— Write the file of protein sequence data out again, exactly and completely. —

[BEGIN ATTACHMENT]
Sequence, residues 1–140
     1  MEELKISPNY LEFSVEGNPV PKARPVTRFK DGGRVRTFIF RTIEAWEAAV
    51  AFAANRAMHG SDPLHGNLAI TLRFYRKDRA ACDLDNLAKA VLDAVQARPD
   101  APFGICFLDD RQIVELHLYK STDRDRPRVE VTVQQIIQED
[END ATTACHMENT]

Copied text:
Sequence, residues 1–140
     1  MEELKISPNY LEFSVEGNPV PKARPVTRFK DGGRVRTFIF RTIEAWEAAV
    51  AFAANRAMHG SDPLHGNLAI TLRFYRKDRA ACDLDNLAKA VLDAVQARPD
   101  APFGICFLDD RQIVELHLYK STDRDRPRVE VTVQQIIQED